Staff Publications

Staff Publications

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    'Staff publications' is the digital repository of Wageningen University & Research

    'Staff publications' contains references to publications authored by Wageningen University staff from 1976 onward.

    Publications authored by the staff of the Research Institutes are available from 1995 onwards.

    Full text documents are added when available. The database is updated daily and currently holds about 240,000 items, of which 72,000 in open access.

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Record number 43029
Title Potato crop growth as influenced by potato cyst nematodes (Globodera pallida) and abiotic factors
Author(s) Ruijter, F. de
Source Agricultural University. Promotor(en): G.R. Findenegg; A.J. Haverkort. - S.l. : De Ruijter - ISBN 9789054858195 - 121
Department(s) Research Institute for Agrobiology and Soil Fertility
Sub-department of Soil Quality
Publication type Dissertation, externally prepared
Publication year 1998
Keyword(s) solanum tuberosum - aardappelen - plantenplagen - pratylenchus - heteroderidae - tylenchidae - bodem - nematoda - potatoes - plant pests - soil
Categories Potatoes / Diseases, Pests and Disorders of Plants (General)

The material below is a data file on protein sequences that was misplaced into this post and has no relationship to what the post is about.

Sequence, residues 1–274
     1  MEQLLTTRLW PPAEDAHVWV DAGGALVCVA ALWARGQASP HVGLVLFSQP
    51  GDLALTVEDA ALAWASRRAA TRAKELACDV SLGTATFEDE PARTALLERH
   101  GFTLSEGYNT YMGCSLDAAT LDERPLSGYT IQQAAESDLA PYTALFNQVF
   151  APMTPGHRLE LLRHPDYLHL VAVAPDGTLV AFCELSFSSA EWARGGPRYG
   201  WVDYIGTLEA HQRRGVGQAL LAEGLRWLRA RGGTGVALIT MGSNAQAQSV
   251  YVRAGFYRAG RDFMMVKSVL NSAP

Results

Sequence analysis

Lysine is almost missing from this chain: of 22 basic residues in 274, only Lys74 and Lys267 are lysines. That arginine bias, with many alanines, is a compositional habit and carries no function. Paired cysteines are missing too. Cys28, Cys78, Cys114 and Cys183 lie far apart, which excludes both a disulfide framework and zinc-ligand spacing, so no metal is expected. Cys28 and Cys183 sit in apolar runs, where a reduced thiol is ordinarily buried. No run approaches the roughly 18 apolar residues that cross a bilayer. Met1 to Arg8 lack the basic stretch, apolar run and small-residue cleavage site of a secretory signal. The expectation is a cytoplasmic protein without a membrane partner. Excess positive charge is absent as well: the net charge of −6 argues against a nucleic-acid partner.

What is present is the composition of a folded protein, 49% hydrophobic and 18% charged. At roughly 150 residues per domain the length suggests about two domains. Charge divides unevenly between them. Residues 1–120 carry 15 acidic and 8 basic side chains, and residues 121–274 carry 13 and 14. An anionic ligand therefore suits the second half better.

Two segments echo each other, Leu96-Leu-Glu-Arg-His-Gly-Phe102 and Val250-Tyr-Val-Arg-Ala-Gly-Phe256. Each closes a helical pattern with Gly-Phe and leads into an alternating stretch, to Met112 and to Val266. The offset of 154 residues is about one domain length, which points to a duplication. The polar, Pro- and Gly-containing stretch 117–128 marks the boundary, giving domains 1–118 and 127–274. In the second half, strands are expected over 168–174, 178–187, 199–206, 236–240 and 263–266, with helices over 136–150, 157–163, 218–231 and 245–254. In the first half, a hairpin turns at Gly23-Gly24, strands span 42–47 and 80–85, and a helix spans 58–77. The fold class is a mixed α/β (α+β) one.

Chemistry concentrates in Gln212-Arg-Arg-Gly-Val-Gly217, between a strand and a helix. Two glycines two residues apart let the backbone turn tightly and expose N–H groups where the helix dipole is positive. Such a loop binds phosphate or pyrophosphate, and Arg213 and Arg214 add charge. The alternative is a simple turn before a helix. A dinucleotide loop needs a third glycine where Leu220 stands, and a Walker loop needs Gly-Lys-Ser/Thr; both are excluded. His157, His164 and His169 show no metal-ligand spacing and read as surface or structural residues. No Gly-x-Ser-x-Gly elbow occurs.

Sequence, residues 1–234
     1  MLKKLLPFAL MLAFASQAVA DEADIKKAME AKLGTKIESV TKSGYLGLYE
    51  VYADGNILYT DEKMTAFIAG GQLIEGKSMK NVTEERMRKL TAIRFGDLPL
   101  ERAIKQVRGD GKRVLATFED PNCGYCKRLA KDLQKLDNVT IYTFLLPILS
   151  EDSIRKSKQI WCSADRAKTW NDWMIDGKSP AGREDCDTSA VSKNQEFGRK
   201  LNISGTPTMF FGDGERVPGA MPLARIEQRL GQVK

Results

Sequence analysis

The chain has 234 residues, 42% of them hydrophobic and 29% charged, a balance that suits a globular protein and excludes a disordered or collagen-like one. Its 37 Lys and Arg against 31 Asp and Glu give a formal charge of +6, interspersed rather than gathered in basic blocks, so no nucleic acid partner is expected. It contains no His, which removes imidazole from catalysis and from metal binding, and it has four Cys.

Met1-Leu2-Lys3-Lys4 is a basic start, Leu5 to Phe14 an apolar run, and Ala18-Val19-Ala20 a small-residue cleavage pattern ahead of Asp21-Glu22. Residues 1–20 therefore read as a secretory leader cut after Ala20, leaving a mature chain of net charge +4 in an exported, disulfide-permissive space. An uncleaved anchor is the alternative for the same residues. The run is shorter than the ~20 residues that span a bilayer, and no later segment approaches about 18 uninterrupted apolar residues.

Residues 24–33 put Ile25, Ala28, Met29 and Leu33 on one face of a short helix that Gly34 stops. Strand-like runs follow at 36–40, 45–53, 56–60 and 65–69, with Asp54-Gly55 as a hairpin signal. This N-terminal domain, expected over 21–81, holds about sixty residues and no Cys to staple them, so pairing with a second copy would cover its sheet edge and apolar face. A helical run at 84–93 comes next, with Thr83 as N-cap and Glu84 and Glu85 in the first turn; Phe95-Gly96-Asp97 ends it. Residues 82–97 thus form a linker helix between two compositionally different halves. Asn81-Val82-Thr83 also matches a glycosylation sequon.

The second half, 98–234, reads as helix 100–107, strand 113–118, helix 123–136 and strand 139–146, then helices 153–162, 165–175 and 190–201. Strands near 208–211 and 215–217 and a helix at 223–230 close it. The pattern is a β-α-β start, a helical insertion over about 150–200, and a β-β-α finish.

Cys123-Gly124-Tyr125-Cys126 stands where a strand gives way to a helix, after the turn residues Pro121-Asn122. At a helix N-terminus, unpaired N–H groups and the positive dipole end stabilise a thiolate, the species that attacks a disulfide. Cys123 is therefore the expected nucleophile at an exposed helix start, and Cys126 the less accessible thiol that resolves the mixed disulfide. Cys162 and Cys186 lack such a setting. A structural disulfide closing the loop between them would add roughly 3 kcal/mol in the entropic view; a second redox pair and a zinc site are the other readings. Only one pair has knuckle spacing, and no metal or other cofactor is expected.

Abstract <p>The objective of the research described in this thesis was to determine the major mechanisms by which potato cyst nematodes reduce potato crop growth and to explain interactions known to occur with cultivar and abiotic factors. Understanding of these interactions may lead to strategies that potato growers can use to minimise nematode damage.</p><p>The research concentrated on the interaction between nematodes and soil-related factors. Experiments were carried out, mainly under field conditions, in which the effects of varying levels of nematode density, soil compaction, soil pH and phosphorus fertilisation on crop growth of potato cultivars were studied over time. Two methods for studying root growth in the field were compared and special attention was paid to the effects of nematodes on root growth.</p><p>It was found that potato cyst nematodes reduced crop growth at early stages of growth by inducing or aggravating phosphorus deficiency. Compensatory root growth alleviated phosphorus deficiency at later stages of growth. Application of phosphorus fertiliser reduced or prevented nematode-induced phosphorus deficiency, but could not fully prevent nematode damage. Obviously, penetration of nematodes in the roots also impaired crop photosynthesis also through mechanisms other than nutrient deficiency.</p><p>At late stages of growth, nematodes accelerated crop senescence. This was associated with reduced concentrations of nutrients in the foliage, though it seems likely that more mechanisms could be responsible. To resolve this, further study of the senescence of infested crops and options for remedying this is required.</p><p>It was found that tolerance of cultivars to potato cyst nematodes is associated with production of extra roots and large tops, a characteristic of late maturing potato cultivars. The influence of soil parameters on nematode damage was also found to depend on the amount of foliage produced. It is inferred that crops with large tops suffer little yield loss as they are able to maintain ground cover and light interception, even after infestation by potato cyst nematodes.</p><p>It is concluded that farmers can minimise yield loss by choosing tolerant cultivars and by cultural measures. It is suggested that initial nematode-induced phosphorus deficiency can be relieved by fertilisation methods that increase phosphorus in infested plants to adequate levels. Crop senescence may be delayed by increasing nitrogen in infested plants, e.g. by foliar application of a nitrogen fertiliser, but this requires further study.</p>
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